Full Interview with Elizabeth Conroy

JJ: Tell me a little about you.  What's your background?  What made you decide you wanted to teach? 

Conroy: I am a teacher at Lincoln-Way North High School District 210 in Frankfort, IL. I always enjoyed working with animals and really loved my Biology-based classes.  I spent a lot of time that first year in college helping friends in their science classes and found that I really enjoyed it.  It was very rewarding to help someone over an academic hurdle and see them succeed.  I love my job.  Every day every hour is different.  Not only do I get to teach and live my favorite subject every day, but I love the challenge of finding new ways to present that material to my students and hopefully develop an appreciation in them as well.  

JJ: How did you learn about the ENS program?  What attracted you to it?

Conroy: An email was sent to my department chair, and she forwarded it on to the teachers.  It is difficult to find a Masters program in science that fits a teacher’s schedule.  Environmental Science was an area I was interested in learning more about to supplement my Biology curriculum.  Additionally it was exciting to pilot a new program.  

JJ: How did you come up with your project, and what was the process like for getting it approved? 

Conroy: I knew that I wanted to have a research experience that was rewarding, realistic, and interesting to my students.  I was able to connect with the Shedd Aquarium in Chicago and work with their teacher emersion program in the Bahamas.  Initially my program directors at Bradley had to evaluate whether Shedd’s program was rigorous enough to provide us with the level of research experience that they expected.  Once we got the approval for the trip my partner and I had to develop a question that we could answer with the research limitations we were facing.  We were only there for six days, we would be in many different locations, there were restrictions on collecting organisms, shipping was expensive, and we were living on a boat.  There wasn’t current or previous research we could build off of.  Many of our colleagues had an incredible opportunity to work directly with a scientist in the lab on current research.  We had to build our project from the ground up, from start to finish.  It really gave me a true glimpse of the overall process.  We actually had to revise our question and procedures a few times as we learned more about the area and other limitations we might encounter in the field.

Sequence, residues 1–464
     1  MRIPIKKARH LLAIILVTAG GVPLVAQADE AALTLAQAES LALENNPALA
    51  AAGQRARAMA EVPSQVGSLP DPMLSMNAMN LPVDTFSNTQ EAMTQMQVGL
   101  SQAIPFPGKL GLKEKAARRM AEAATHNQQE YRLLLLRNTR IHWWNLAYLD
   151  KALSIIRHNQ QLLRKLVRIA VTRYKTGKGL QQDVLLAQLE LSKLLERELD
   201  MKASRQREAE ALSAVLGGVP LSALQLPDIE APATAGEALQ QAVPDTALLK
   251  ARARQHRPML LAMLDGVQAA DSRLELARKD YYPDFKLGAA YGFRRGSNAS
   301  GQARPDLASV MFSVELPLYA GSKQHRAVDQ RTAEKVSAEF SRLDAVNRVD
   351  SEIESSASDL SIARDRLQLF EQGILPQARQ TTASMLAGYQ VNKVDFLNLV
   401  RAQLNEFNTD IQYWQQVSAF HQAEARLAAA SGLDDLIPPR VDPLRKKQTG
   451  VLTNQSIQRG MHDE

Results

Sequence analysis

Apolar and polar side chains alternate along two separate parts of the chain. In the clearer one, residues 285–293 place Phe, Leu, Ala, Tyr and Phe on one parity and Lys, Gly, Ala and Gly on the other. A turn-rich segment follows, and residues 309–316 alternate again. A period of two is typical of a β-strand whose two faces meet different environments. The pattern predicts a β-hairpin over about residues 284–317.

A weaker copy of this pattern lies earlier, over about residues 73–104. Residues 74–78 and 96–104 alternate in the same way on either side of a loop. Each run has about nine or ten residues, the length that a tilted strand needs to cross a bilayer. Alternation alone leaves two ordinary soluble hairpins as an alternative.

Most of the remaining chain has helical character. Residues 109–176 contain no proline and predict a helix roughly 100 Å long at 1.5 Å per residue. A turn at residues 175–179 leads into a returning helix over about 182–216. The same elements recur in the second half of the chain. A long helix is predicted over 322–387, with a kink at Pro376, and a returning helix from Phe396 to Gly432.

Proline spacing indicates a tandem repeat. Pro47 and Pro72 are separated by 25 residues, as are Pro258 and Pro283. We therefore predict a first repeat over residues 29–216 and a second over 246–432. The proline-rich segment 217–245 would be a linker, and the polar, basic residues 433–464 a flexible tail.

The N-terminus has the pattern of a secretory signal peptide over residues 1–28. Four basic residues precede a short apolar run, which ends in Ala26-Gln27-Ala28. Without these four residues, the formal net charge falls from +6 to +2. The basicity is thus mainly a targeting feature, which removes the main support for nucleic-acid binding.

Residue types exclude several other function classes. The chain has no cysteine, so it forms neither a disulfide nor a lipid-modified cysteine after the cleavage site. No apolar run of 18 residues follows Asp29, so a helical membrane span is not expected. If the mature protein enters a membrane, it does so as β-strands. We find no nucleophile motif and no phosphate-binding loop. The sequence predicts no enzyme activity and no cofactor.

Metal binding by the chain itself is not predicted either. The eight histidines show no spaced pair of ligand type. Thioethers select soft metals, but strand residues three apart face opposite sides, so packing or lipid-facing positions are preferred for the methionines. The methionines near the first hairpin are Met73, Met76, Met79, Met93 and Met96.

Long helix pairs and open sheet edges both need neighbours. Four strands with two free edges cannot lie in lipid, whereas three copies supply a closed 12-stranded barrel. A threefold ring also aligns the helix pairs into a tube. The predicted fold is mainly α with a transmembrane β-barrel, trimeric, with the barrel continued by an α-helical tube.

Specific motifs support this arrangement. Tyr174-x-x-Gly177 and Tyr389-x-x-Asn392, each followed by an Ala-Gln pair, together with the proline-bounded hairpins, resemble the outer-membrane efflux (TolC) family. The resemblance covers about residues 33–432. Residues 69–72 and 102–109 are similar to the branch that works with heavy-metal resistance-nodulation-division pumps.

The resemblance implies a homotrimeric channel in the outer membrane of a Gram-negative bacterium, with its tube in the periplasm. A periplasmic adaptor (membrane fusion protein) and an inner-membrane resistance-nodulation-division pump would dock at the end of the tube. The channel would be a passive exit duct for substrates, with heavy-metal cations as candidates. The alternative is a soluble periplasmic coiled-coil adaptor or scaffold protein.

JJ: What has been your biggest challenge so far as a student?

Conroy: The balancing act for sure.  I try to put 100% in both my job and my studies.  Sometimes it doesn’t seem like there are enough hours in the day.  Since Peoria is 2 ½ hours away from home that adds an extra piece to the puzzle.  My friends and family have been extremely supportive.  And although the classes have been challenging I have learned so much that I can take back to my classroom.

JJ: What has been your biggest challenge so far as a professional in your field?

Conroy: Overall, trying to keep the students interested and engaged in science in addition to fulfilling state requirements and best teaching practices.  The balance can be difficult and frustrating.  The ENS program has provided me with some new skills and content that I can use directly in my teaching that have helped that balance.

JJ: What was it like to be able to go and work in the Bahamas?  Any tourist tips for future visitors, or advice you would like to pass along?

Conroy: The experience was amazing.  It really gave me ammunition to be able to tell my students first hand that science doesn’t have to be boring, that it is not always sitting at a lab table, following directions, and getting an answer.  It can be adventurous and open doors to new opportunities and experiences.  I never thought that I would be able to experience nature that way, with people that are truly knowledgeable and invested in their research.  

JJ: Do you have any words of wisdom for future ENS cohorts who might come after you?

Conroy: Stick with it!  It is a challenging program, but the opportunities that come with it can be amazing!

JJ: It sounds like you've got a great year ahead of you, what would you like to see happen over the course of this year?

Conroy: I feel like we are getting to a point in the program where it all comes together.  While the program has been rewarding, it will be very satisfying to finish it up!